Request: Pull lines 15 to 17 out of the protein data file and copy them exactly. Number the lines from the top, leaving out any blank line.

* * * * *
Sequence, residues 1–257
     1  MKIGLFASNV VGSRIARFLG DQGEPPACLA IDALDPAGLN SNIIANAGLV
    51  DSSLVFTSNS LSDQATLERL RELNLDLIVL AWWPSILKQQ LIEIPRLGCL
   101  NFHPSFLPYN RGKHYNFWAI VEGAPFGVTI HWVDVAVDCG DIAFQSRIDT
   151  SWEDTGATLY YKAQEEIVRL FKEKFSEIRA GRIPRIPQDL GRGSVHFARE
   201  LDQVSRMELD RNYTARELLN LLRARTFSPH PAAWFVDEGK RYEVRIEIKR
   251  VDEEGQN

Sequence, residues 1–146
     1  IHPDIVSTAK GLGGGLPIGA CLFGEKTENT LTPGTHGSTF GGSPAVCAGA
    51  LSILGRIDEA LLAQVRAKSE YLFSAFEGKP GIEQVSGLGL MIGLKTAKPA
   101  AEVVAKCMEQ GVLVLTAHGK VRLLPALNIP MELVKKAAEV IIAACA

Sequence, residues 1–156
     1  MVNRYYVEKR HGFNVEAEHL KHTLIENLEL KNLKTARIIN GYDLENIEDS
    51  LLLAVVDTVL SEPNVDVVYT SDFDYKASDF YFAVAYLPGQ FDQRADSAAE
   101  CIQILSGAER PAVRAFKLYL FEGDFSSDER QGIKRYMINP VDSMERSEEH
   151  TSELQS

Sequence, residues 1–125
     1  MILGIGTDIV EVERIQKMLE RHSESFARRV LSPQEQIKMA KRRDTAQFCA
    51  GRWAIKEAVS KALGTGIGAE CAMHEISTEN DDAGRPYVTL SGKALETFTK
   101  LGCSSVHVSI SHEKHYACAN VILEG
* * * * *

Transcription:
   101  CIQILSGAER PAVRAFKLYL FEGDFSSDER QGIKRYMINP VDSMERSEEH
   151  TSELQS

Sequence, residues 1–125